After the historical anomaly of last season, Manchester United again have a manager of suitable personality, talent and achievement. Louis van Gaal is certainly good enough to win the Premier League but it remains to be seen whether this squad – still short of experience in defence and pace in midfield – is. They will benefit, as Liverpool did last year, from not playing any European football, but even that may not be quite enough to restore them to previous heights.
On the surface, no one is better equipped than Newcastle to pierce the top seven. After their 10th place finish last year they have improved with the summer additions of Rémy Cabella and Siem de Jong. But last year was also a season of drift and discord, all ambition ending with the departure of Yohan Cabaye in January, and calls for Alan Pardew’s dismissal by the end. Will that atmosphere have healed over the summer?
Queens Park Rangers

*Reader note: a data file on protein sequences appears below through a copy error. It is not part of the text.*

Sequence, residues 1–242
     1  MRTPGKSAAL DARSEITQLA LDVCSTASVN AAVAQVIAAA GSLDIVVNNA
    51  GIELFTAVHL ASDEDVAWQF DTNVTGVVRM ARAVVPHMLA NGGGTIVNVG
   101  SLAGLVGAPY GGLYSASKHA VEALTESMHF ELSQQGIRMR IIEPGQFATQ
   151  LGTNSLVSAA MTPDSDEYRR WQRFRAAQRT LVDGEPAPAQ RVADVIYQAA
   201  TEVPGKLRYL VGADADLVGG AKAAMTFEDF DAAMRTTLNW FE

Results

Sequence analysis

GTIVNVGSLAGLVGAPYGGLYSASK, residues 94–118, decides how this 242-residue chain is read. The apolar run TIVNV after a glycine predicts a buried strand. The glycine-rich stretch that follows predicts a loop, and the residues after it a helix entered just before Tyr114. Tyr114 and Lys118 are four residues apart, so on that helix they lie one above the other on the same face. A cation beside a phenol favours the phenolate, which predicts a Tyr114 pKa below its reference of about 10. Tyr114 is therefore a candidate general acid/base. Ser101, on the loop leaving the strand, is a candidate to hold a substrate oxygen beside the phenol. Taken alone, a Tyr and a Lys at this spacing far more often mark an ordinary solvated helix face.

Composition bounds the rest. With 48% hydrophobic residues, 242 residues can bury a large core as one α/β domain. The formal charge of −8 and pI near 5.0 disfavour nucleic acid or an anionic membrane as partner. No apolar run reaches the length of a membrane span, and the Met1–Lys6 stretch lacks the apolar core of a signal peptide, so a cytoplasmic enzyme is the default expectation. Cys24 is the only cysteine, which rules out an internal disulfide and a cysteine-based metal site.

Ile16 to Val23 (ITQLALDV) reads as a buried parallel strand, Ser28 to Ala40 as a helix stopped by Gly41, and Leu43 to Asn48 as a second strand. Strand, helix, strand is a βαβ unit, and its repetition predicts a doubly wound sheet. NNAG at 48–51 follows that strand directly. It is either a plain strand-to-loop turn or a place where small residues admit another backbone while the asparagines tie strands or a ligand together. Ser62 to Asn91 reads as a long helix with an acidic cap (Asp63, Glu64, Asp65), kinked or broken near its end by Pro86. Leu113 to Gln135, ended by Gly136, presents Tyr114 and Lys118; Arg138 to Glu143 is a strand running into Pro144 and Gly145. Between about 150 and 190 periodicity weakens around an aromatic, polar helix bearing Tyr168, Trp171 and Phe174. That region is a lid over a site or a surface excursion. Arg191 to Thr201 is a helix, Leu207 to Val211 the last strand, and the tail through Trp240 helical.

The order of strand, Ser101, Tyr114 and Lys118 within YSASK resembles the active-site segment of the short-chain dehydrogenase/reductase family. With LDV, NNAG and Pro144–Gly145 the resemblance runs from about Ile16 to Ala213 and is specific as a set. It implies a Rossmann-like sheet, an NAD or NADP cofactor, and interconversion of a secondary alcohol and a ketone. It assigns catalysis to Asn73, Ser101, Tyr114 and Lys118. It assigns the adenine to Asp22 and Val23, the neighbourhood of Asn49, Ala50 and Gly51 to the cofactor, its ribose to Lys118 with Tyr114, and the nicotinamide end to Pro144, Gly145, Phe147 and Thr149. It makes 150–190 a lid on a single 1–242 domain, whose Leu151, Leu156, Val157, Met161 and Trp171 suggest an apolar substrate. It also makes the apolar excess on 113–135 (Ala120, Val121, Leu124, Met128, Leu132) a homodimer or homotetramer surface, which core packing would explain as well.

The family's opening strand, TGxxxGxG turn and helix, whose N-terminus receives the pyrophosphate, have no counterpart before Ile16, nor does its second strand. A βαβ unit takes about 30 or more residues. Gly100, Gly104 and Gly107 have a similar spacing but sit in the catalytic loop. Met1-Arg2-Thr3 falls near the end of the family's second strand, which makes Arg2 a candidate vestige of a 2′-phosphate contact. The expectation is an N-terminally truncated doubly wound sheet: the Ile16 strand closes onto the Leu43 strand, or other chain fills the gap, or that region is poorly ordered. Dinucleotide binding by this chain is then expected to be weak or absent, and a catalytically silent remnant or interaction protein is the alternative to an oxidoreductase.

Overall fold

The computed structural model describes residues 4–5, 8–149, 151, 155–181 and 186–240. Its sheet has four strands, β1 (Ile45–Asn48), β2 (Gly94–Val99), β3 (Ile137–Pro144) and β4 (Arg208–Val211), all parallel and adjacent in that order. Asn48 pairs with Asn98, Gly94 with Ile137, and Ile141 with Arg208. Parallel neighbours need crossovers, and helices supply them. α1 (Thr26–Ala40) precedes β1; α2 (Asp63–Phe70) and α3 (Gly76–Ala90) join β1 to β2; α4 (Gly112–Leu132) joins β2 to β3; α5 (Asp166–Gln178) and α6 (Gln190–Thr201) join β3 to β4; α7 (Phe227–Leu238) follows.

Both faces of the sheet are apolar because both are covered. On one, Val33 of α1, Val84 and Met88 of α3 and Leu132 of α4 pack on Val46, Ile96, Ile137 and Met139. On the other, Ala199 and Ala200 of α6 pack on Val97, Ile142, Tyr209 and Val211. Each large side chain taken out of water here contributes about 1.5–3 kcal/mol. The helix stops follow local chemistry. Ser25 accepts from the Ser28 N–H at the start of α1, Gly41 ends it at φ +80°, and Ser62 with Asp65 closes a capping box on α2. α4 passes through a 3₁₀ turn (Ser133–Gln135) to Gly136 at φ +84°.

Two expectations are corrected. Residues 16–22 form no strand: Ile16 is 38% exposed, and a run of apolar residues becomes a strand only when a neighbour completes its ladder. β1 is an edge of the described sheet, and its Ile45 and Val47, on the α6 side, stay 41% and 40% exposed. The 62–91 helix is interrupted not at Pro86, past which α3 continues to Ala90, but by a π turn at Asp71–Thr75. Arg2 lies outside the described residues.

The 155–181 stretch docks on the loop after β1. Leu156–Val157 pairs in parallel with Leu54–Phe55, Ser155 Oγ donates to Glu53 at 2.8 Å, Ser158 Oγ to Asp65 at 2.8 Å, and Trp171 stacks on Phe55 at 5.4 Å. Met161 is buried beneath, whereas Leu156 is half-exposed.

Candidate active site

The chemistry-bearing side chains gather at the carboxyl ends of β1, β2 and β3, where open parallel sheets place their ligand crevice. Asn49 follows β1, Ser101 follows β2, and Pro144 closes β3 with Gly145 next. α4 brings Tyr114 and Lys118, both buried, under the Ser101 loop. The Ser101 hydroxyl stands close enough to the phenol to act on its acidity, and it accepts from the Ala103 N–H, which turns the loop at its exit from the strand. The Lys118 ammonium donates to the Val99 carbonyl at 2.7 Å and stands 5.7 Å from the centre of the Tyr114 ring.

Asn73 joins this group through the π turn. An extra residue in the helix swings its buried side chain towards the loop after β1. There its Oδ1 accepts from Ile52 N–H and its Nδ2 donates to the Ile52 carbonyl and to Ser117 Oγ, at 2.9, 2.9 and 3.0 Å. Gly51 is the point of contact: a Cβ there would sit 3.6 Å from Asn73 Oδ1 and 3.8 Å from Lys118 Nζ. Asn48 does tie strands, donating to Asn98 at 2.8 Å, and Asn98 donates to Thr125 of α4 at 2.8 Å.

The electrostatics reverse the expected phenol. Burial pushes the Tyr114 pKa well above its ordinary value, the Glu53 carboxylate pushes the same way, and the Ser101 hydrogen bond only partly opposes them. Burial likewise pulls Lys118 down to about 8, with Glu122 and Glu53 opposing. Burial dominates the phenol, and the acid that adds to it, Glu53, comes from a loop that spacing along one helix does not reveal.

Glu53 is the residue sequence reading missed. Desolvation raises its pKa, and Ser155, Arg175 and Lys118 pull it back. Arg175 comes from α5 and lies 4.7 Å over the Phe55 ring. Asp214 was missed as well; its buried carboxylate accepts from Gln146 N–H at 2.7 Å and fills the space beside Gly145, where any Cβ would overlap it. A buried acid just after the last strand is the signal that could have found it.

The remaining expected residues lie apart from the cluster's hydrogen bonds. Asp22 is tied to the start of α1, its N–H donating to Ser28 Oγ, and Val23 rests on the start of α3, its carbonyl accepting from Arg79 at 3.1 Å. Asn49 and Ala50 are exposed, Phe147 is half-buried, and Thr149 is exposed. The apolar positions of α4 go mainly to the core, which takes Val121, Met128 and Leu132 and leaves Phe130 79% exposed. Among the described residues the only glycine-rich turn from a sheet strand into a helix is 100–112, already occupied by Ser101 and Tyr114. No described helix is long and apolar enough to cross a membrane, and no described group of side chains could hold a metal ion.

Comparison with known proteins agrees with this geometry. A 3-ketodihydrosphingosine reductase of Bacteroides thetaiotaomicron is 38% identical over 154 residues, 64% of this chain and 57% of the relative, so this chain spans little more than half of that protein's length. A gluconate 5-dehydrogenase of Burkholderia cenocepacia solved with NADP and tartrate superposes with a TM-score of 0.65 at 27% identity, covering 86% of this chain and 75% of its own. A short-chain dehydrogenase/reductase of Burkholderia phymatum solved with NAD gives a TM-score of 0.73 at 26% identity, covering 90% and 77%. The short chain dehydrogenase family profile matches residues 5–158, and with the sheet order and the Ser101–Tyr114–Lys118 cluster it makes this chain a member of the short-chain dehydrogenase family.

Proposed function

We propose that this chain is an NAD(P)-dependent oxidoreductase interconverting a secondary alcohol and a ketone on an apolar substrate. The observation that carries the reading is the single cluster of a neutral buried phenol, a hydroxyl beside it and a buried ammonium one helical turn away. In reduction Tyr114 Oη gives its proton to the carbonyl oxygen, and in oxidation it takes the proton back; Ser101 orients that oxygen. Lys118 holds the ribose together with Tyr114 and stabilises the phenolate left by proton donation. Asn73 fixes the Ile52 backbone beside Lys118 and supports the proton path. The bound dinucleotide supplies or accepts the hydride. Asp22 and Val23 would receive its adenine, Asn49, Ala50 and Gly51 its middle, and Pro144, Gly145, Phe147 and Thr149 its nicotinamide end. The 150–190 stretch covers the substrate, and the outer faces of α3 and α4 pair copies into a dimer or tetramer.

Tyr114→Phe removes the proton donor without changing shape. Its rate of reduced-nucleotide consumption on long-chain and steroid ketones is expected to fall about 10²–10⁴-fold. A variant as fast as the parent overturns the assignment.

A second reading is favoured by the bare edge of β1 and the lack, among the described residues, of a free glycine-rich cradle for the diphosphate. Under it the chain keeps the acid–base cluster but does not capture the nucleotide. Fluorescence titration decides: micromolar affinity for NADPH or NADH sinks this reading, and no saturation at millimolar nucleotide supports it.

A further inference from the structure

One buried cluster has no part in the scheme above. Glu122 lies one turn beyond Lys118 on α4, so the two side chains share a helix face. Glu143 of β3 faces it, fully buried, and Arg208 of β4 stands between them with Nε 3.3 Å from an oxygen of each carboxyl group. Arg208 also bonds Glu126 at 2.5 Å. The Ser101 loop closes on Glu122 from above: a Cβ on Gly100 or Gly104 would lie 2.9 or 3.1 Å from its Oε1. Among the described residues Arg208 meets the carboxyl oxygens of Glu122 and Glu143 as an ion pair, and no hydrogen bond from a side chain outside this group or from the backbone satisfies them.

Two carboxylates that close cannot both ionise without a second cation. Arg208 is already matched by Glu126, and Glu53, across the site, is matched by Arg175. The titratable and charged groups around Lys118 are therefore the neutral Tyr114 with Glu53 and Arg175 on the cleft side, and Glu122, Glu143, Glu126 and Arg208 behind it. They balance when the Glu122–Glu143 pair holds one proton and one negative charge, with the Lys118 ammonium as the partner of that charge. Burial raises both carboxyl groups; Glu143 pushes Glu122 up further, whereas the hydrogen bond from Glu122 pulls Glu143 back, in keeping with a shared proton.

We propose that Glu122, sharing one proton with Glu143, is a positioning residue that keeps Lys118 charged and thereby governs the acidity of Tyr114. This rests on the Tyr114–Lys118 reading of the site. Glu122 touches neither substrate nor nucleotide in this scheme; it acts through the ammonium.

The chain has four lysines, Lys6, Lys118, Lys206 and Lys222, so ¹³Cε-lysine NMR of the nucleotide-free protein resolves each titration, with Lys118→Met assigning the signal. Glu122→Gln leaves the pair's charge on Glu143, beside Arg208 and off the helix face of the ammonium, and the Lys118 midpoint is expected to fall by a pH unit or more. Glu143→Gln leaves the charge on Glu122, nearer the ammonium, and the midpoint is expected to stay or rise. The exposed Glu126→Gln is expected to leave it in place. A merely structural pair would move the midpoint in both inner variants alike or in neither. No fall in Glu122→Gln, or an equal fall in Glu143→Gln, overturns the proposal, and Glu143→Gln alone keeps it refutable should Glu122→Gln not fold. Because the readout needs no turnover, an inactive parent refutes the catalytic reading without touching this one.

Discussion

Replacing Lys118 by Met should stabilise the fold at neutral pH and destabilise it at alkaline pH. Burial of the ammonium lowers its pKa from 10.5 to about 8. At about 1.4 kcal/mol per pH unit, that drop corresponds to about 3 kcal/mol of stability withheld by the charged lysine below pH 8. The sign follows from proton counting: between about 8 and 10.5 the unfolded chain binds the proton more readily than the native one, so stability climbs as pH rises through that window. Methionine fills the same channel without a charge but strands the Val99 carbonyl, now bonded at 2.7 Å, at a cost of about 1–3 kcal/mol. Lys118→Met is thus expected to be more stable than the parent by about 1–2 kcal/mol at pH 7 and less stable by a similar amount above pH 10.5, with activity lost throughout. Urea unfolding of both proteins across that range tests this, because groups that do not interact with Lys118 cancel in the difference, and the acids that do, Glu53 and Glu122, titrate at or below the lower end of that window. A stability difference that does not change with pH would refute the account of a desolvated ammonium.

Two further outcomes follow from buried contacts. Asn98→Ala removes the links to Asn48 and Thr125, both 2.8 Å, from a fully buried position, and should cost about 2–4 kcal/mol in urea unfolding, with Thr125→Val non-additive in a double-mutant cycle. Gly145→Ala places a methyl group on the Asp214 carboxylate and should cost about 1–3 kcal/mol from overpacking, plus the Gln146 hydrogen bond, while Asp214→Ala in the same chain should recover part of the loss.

Queens Park Rangers’ last spell in the Premier League was a two-year lesson in how not to do it, but there is more nous and stability at Loftus Road now, even after missing most expectations last season. They should be far more solid this year, and well balanced in a 3-5-2 system. The only problem is goals: they did not score enough last year and if Loïc Rémy leaves there will be even more pressure on Charlie Austin to come up with the goods. They may well need another signing to share the burden up front.
The turnover of staff at St Mary’s was one of the stories of the summer, as Mauricio Pochettino left for Tottenham and was swiftly followed by five first-team players. Ronald Koeman has taken over and been trying to build a competitive team from not much of a base. It will be one of the harder managerial jobs of the season, and his career has been mixed so far. He will need two or three of his buys to impress quickly, which is far from guaranteed.
An interesting project in changing a deeply rooted football culture could bear more fruit this year. Mark Hughes spent last year coaxing Stoke into playing attacking football, with some success, and they should continue their transformation. With Peter Odemwingie, Marko Arnautovic and one-time Barcelona golden boy Bojan Krkic, they have more pace and skill in the side than any Stoke team in years. They will score goals and win games, which is precisely what Hughes is hoping for.